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Don’t call us (we won’t call you): job-hunting etiquette tips for employers
Don’t call us (we won’t call you): job-hunting etiquette tips for employers

by Jean Bernard Talon

Job-hunting can be a most gruelling if not taxing affair.

If not waiting for the telephone to ring, should you call? Or when you are asked for a second meeting, and it’s a lunch — is there a hidden meaning? Now, it’s been over a week and nothing from them so you call and email to follow up…and then…you get dumped via text message (oh yes, you heard correctly), which hauntingly feels much like the notorious ‘dumped by Post-it note’ episode in Sex and The City.

Searching for employment is a quite bit like dating, I have observed.  And much like the modern dating world can be brutal, so can the employment world (or unemployment) - an adventure I have recently had to face - , which can be equally as uncivil. There are the online announcements, the courtships (sometimes more than one at a time), sometimes there are even relationships that form first names, small jokes, and the wanting…usually the applicant wanting and needing a little more than the employer.

There have been a multitude of articles from the perspective of employment seekers, those Do’s and Don’ts that range from salary negotiation to chewing gum; however, there is not much mention of correct behavior for the employer during the application and interviewing process, which deserves a gentle nudge to improve the reputation and ultimately the brand of a business when hiring.

So, forgive me if  this small list of Do’s and Don’ts for bad bosses or human resource personnel sounds a wee bit like it could be for all the bad dates some of us may have experienced, but these are budget cutting times and just like the supermarkets, I am offering a 2-for-1 special, for a limited time only…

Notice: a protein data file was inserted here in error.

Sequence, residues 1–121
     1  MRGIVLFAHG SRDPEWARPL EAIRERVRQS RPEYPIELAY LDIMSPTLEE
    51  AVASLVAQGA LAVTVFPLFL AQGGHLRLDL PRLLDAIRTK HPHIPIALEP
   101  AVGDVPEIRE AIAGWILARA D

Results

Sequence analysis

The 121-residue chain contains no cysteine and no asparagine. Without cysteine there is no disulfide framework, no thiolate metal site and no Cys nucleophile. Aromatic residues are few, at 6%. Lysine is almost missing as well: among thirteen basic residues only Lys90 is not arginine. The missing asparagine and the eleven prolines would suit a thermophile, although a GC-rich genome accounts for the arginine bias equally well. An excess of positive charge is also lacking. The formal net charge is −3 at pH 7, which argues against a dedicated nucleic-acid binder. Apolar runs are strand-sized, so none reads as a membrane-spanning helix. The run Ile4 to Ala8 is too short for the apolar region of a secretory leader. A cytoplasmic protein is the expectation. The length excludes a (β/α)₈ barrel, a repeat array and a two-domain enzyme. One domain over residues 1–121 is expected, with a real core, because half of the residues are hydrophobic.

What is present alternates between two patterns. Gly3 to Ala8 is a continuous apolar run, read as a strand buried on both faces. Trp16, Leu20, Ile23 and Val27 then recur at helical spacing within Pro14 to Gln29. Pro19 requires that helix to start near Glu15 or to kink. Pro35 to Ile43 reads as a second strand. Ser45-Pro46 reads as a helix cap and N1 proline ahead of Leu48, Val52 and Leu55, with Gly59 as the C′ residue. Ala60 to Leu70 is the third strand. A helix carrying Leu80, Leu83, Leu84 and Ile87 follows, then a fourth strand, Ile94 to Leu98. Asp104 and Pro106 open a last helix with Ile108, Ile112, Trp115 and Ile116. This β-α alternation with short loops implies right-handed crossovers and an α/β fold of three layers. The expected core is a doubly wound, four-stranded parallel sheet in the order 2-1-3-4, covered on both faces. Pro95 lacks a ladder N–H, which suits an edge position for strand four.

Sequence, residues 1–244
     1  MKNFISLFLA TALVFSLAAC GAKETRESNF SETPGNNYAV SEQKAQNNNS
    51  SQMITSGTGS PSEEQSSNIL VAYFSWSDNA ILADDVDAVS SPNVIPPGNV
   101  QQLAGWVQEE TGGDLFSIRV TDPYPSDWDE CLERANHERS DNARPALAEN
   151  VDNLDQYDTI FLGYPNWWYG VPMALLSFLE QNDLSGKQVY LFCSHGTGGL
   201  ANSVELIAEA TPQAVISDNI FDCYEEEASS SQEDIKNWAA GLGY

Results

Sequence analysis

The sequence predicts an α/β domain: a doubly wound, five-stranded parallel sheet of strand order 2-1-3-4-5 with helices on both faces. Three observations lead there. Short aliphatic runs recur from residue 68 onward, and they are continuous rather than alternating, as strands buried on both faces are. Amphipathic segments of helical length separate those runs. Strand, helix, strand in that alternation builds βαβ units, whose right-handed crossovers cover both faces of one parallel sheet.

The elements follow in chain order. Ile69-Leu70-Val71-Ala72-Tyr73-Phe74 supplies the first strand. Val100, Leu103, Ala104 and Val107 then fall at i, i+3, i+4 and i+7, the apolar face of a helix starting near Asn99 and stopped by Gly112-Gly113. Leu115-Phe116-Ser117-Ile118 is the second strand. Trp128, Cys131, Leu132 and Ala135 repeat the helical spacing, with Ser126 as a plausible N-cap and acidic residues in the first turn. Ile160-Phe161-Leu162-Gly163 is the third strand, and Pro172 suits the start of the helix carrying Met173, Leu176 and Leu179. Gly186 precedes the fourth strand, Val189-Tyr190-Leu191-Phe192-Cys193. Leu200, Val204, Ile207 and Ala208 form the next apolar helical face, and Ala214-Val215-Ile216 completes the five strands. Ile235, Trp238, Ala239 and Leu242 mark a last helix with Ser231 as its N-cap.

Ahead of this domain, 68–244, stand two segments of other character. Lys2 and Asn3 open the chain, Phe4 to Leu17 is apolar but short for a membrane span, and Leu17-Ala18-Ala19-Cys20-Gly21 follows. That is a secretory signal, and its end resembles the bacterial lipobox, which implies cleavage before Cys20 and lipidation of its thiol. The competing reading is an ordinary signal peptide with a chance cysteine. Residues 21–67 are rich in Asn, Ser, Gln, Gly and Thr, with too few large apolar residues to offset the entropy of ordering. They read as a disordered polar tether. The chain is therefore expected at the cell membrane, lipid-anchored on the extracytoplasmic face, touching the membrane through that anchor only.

BAD BOSSES or BAD DATES - a few social graces to remember:

DO When receiving interest from a potential candidate, respond to those who may be qualified with an immediate response, thanking them for them for their interest. After the final decision is made after the courting period, a general email should be sent informing all applicants that they are thanked and the position has been filled (even just a blanket email as a courtesy).

DON’T Break a date — if a meeting has been scheduled - whether at an office or a restaurant - there is simply no excuse.  When appointments are agreed to, they are adhered to. Unless there is a true emergency, a direct telephone call is the only manner of conveying an apology.

DO Promptly proceed with the interview process — candidates don’t want to be dragged along ‘dating’ only to find out they were not quite as good as date number 3 after all, and they can’t always afford to wait for months to find out if there will indeed be a proposal.

DO Take the time acquaint yourself with your date, even if the person’s CV is not ideal; there is a reason for your initial interest and out of  respect for the candidate’s effort, a polite half an hour is all it takes.

DON’T End the process coldly, after weeks, sometimes months of e-mails, calls, and texts. Let the person down nicely either with an appointment or a sympathetic phone call. One should remember to protect their reputation, their image, or brand, one wouldn’t want their name sullied.

It’s a brave new world out there and the employment market isn’t as plentiful as it once was, but then the realm of dating hasn’t gotten any easier either; it’s just about showing a little respect and remembering the courtesies that make everything in life a little kinder and easier.

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